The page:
Auburn's defense has improved dramatically since the last time the Tigers faced Dak Prescott.
Then again, so has Prescott. That was long before the 6-foot-2, 230-pound star for No. 3 Mississippi State emerged as the Southeastern Conference's hottest quarterback and the biggest challenge the second-ranked Tigers have faced this season.
"This will be the first quarterback in a while with that size and caliber," Auburn cornerback Johnathon Mincy said.
Known more for offense, the Tigers (5-0, 2-0 SEC) have had one of the league's best defenses so far this season but have only faced two quarterbacks ranked in the Top 100 nationally in total offense.
A much truer test of Auburn's defense comes Saturday versus Prescott, who's ninth in that category and has produced three straight games with 200 passing yards and 100 rushing yards.
The first time Prescott managed that feat was last season against Auburn, in the second start of his college career and first against an FBS team.
The Tigers won on a touchdown pass from Nick Marshall to C.J. Uzomah in the final seconds.
Both Prescott and Auburn's defense have gotten better since then, and they'll leave Saturday's game with a clearer idea of just how far they've come.
An Auburn front line that is big and deep has to try to keep Prescott from bulldozing through, and he'll challenge a youthful secondary, too.
"He puts a tremendous amount of pressure on you," Auburn defensive tackle Gabe Wright said. "He is a dual-threat quarterback and just saying that, I think that in itself already speaks volumes. Dual-threat means he can both run and pass. And he's mentally capable to run their offense now. I think he's more comfortable now. "
Auburn went to last season's national championship game with a high-powered offense and a defense that came up big in some clutch situations while facing a Who's Who lineup up quarterbacks that included Heisman Trophy winners Johnny Manziel and Jameis Winston and 2013 runner-up AJ McCarron.
Now, the defenders are more than holding their own in the second season under coordinator Ellis Johnson against a lesser-known group of quarterbacks.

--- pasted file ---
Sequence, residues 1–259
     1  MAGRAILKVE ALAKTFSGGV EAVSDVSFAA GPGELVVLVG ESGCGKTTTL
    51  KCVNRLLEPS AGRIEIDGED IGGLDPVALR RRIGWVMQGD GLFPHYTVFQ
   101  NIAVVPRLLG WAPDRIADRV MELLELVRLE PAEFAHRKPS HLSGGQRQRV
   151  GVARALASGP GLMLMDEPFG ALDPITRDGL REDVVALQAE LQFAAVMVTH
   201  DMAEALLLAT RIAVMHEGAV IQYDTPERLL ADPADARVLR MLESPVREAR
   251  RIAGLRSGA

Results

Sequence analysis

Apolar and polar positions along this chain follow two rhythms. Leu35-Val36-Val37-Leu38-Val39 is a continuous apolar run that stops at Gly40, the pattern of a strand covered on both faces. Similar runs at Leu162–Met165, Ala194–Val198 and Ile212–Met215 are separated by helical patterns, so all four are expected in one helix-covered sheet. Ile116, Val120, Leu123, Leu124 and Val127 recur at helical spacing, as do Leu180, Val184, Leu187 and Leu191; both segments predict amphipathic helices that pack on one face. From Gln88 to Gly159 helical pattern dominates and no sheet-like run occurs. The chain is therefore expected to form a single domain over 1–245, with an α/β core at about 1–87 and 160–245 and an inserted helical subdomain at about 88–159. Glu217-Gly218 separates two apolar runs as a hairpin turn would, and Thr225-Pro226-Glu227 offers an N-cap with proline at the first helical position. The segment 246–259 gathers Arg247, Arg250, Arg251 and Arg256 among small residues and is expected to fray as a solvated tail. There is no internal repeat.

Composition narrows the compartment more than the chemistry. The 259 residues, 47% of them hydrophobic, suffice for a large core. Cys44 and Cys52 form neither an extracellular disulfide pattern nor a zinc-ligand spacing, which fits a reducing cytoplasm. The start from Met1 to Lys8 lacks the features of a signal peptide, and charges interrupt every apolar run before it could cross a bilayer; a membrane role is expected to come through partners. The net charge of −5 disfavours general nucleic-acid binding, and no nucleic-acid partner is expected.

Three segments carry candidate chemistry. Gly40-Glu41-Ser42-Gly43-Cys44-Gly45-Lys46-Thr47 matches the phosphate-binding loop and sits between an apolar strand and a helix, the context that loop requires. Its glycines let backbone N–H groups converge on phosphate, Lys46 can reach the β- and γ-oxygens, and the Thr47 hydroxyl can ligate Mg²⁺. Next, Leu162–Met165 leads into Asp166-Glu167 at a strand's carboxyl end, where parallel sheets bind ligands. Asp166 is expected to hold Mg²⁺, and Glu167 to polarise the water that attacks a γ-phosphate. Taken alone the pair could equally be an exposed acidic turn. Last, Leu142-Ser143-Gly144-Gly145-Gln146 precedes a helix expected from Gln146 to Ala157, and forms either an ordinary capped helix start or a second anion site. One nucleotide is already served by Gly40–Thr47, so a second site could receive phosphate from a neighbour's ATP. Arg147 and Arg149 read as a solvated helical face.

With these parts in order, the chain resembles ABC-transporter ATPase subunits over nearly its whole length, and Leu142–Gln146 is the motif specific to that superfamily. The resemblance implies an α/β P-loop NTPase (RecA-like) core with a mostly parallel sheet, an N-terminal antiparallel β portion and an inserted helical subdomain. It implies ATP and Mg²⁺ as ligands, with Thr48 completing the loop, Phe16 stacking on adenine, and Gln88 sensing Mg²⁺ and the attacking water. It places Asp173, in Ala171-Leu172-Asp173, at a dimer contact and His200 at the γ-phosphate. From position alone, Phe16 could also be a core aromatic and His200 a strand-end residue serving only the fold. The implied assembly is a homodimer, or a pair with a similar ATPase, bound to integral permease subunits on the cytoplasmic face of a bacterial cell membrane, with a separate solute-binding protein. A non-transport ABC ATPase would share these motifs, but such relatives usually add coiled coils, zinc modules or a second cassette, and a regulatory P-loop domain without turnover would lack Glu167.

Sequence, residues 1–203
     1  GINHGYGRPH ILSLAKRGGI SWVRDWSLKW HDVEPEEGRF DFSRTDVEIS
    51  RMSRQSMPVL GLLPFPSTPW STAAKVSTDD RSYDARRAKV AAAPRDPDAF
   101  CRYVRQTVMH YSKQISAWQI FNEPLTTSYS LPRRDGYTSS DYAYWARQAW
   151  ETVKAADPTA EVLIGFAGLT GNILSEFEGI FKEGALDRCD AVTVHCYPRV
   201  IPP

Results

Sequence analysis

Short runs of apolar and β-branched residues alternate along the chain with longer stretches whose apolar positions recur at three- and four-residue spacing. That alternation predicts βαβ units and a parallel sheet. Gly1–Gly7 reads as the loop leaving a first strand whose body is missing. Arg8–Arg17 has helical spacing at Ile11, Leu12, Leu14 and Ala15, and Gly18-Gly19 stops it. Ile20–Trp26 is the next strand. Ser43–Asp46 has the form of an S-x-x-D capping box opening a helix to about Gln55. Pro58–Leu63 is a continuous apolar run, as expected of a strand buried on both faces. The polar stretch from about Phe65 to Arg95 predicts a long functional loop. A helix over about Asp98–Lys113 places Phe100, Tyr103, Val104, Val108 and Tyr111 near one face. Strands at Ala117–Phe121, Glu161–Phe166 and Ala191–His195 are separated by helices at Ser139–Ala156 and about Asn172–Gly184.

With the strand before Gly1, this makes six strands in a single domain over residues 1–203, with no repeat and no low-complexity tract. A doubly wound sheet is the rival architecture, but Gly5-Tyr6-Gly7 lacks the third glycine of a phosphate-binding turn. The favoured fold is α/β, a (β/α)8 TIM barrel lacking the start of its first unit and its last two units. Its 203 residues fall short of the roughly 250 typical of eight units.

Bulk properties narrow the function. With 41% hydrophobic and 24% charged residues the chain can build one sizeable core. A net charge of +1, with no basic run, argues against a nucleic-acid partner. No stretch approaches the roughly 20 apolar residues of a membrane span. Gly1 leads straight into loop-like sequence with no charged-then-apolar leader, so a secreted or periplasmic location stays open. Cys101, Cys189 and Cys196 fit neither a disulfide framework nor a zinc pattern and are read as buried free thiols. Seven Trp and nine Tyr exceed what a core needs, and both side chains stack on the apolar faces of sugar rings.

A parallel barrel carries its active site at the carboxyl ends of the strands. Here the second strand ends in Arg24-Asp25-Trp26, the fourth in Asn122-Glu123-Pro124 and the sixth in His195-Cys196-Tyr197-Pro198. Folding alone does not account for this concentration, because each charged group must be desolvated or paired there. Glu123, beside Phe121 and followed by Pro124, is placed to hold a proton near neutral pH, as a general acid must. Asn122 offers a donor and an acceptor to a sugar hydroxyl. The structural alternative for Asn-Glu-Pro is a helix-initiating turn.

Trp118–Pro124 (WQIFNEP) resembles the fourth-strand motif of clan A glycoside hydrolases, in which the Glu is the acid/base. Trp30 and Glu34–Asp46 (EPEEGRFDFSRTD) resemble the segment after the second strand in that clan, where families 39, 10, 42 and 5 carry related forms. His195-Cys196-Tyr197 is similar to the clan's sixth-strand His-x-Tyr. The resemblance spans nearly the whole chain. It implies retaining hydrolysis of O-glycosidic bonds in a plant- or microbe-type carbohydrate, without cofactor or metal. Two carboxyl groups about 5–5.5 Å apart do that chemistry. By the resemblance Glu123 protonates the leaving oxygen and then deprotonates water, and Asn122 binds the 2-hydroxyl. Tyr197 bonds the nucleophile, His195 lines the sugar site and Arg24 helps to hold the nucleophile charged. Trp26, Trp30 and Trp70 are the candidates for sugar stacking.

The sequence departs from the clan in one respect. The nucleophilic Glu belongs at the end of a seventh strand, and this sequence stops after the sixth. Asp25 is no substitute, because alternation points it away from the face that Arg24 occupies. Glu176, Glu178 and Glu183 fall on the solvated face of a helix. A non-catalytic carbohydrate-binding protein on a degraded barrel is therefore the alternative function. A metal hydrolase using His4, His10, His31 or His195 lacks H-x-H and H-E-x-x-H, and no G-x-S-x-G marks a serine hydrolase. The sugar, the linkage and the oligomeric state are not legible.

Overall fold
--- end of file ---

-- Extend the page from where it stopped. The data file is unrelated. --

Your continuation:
Auburn ranks among the league's top three teams in scoring, total and run defense. The Tigers, who are ninth nationally in scoring defense, have allowed 21 or fewer points for five straight games for the first time since doing it eight times in a row from 2007-08.
A bigger number for Johnson is the missed assignments. He said the Tigers were plagued with 25-30 a game this time last season and now are more likely in the 8-10 range.
Auburn doesn't have a dominant pass rusher like Dee Ford last year, but has started 300-pounders Gabe Wright and Montravius Adams both inside and out and has a nine-man rotation plus linebackers Kris Frost and Cassanova McKinzy. No opposing running back — or quarterback, for that matter — has gained 100 yards against Auburn this season. That includes Arkansas' Alex Collins (68 yards).
Auburn didn't allow dual-threat Kansas State quarterback Jake Waters any success running, though he passed for 245 yards.
The Tigers shut down young LSU quarterbacks Brandon Harris and Anthony Jennings last Saturday. But Prescott has thrust himself squarely into the early Heisman Trophy conversation with huge games against the SEC's LSU and Texas A&M.
"This week, we're going to be playing a quarterback who may be the best in the country at running the offense he runs," said Johnson, who was Mississippi State's defensive coordinator from 2004-07. "It's going to be a whole different deal. He's a veteran. He had about eight starts last year and he's playing really well this year and we're going to be playing at their place instead of our place.
"I'm certainly not taking anything away from the effort and the accomplishment of our players. I think we did a great job and I'm really proud of them, but the test is going to get a lot tougher."